Opposition Grows as Iraq Pact Vote Looms

The Iraqi Parliament is scheduled to vote on the Status of Forces Agreement (SOFA) with the United States sometime tomorrow, but before that happens aides to Iraqi Prime Minister Nouri al-Maliki are holding a last ditch round of press conferences to shore up support for the controversial pact.

And the SOFA needs all the help it can get. The Iraqi Accordance Front (IAF), a powerful Sunni bloc seen as a key to passing the deal amid growing opposition from smaller, independent factions, are digging in their heels on long-standing demands, primarily the call of Vice President Tareq al-Hashemi that the SOFA be put to a popular referendum.

But with just over a month left before the UN Mandate expires and both the US and Iraqi governments already ruling out an extension, a national referendum on the SOFA in time to put it into force seems virtually impossible, and there are no indications from Iraq’s ruling Shi’ite coalition that it is even being considered. It may ultimately cost them the 44 votes of the IAF in tomorrow’s vote.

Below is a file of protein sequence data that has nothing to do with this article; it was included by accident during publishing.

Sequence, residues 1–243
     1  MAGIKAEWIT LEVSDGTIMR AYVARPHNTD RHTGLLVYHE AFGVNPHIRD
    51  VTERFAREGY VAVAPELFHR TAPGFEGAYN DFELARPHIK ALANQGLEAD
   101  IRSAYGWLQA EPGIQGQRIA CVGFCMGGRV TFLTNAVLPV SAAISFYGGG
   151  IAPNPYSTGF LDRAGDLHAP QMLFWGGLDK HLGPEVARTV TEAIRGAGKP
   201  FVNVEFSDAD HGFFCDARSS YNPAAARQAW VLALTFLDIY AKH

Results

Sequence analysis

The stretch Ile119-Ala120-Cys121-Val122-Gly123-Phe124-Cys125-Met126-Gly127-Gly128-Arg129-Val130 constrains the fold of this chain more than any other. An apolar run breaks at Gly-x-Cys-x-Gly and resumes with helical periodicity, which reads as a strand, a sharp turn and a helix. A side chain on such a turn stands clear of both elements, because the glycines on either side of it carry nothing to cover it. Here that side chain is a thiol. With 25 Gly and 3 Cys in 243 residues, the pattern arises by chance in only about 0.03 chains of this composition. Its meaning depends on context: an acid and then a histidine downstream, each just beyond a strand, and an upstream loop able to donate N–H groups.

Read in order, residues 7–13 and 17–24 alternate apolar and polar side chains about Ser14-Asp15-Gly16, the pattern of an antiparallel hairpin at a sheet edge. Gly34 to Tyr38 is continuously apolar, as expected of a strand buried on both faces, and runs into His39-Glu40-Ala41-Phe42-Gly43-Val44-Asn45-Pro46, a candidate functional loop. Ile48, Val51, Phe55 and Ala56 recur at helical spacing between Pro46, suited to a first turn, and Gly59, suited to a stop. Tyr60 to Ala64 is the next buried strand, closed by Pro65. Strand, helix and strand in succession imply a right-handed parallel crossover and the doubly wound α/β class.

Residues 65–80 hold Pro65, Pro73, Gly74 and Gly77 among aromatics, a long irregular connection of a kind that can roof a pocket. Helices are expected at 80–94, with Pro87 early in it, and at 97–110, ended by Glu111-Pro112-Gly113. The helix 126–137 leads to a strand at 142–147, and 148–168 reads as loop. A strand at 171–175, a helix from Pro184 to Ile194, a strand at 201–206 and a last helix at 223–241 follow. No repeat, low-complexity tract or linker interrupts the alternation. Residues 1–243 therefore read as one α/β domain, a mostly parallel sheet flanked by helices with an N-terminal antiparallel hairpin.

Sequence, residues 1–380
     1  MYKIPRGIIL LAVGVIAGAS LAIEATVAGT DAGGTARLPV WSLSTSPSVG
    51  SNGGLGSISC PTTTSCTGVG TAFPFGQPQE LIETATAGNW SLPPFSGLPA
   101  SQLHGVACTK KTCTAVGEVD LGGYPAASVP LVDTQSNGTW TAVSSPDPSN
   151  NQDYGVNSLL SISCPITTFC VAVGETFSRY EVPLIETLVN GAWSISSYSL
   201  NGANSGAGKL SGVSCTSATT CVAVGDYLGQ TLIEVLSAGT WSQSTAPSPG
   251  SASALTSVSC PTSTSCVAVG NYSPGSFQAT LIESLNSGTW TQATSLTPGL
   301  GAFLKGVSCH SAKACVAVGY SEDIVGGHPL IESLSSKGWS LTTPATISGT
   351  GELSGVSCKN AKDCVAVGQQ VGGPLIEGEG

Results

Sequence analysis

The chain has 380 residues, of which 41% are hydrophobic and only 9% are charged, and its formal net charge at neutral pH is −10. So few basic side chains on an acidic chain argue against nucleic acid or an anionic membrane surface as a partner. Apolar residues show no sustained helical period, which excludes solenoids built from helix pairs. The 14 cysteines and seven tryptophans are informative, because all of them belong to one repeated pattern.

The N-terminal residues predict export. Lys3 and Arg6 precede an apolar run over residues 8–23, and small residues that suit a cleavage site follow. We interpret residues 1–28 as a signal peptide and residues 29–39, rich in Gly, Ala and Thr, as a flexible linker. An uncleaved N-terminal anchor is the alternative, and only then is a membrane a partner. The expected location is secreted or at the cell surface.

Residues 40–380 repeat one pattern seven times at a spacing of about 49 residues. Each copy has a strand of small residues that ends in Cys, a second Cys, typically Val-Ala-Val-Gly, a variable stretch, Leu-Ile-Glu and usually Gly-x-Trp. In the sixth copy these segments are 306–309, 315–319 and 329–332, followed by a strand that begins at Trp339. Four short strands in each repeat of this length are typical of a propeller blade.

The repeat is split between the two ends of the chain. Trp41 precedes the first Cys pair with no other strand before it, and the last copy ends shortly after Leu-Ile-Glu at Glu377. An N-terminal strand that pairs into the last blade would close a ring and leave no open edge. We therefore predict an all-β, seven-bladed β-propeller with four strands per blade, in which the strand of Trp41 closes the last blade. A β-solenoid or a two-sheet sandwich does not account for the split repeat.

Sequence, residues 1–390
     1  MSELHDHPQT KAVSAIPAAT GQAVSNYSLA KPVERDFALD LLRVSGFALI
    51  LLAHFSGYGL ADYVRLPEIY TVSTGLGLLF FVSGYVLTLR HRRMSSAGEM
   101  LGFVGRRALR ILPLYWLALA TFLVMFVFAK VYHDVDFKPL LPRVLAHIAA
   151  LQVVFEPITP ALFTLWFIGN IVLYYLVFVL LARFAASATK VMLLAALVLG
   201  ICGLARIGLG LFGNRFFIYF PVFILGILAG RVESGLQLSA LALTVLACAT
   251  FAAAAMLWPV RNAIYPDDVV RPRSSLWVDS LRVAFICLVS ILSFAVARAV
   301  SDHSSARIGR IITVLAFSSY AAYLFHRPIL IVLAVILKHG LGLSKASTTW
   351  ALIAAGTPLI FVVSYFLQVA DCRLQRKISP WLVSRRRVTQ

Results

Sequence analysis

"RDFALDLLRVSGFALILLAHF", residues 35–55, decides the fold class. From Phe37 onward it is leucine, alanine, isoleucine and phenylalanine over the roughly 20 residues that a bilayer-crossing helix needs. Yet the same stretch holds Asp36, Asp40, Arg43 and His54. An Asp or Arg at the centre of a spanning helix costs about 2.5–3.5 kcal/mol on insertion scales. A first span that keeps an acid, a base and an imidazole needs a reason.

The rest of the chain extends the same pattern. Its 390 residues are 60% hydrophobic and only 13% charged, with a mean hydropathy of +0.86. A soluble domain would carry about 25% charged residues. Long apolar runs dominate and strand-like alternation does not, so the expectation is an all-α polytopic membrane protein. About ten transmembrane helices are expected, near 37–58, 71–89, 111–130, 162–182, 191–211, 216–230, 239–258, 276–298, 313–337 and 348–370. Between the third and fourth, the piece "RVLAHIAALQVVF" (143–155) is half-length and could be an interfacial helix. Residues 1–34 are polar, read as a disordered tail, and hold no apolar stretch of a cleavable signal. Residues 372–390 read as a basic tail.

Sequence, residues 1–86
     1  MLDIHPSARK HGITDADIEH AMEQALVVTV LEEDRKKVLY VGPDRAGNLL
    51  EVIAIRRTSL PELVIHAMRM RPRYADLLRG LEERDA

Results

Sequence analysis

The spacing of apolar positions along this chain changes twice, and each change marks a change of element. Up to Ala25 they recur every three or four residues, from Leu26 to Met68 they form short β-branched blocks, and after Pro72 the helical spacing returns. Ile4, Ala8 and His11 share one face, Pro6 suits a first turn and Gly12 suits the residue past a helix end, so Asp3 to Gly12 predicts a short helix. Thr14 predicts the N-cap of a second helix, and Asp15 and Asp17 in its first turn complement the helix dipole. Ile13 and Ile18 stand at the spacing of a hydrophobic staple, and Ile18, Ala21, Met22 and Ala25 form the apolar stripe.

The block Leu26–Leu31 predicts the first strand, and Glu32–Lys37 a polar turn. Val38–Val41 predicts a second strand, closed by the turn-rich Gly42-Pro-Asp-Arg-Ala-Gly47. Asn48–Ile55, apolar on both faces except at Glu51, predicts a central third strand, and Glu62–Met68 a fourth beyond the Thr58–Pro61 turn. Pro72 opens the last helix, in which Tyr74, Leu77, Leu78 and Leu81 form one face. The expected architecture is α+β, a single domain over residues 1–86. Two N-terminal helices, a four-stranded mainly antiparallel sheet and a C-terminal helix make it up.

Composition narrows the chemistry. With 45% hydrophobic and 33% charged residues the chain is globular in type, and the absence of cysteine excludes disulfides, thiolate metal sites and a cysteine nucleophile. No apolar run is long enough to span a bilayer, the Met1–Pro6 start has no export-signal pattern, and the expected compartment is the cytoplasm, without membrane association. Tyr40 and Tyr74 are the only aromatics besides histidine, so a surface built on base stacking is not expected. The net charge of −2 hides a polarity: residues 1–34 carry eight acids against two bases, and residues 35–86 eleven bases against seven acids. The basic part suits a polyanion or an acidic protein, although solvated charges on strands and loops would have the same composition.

And that’s only assuming that the vote takes place in the first place. Top IAF figure Abdelkareem al-Samarraie suggested his party may not attend the session if the bloc’s demands are not met, in an attempt to derail the ability of parliament to hold the vote at all.

The SOFA will, if passed, govern the operations of US forces in Iraq from 2009 through 2011. The United States has insisted if the Iraqi parliament does not pass the current SOFA draft its forces will immediately leave the country.

Author: Jason Ditz

Jason Ditz is senior editor of Antiwar.com.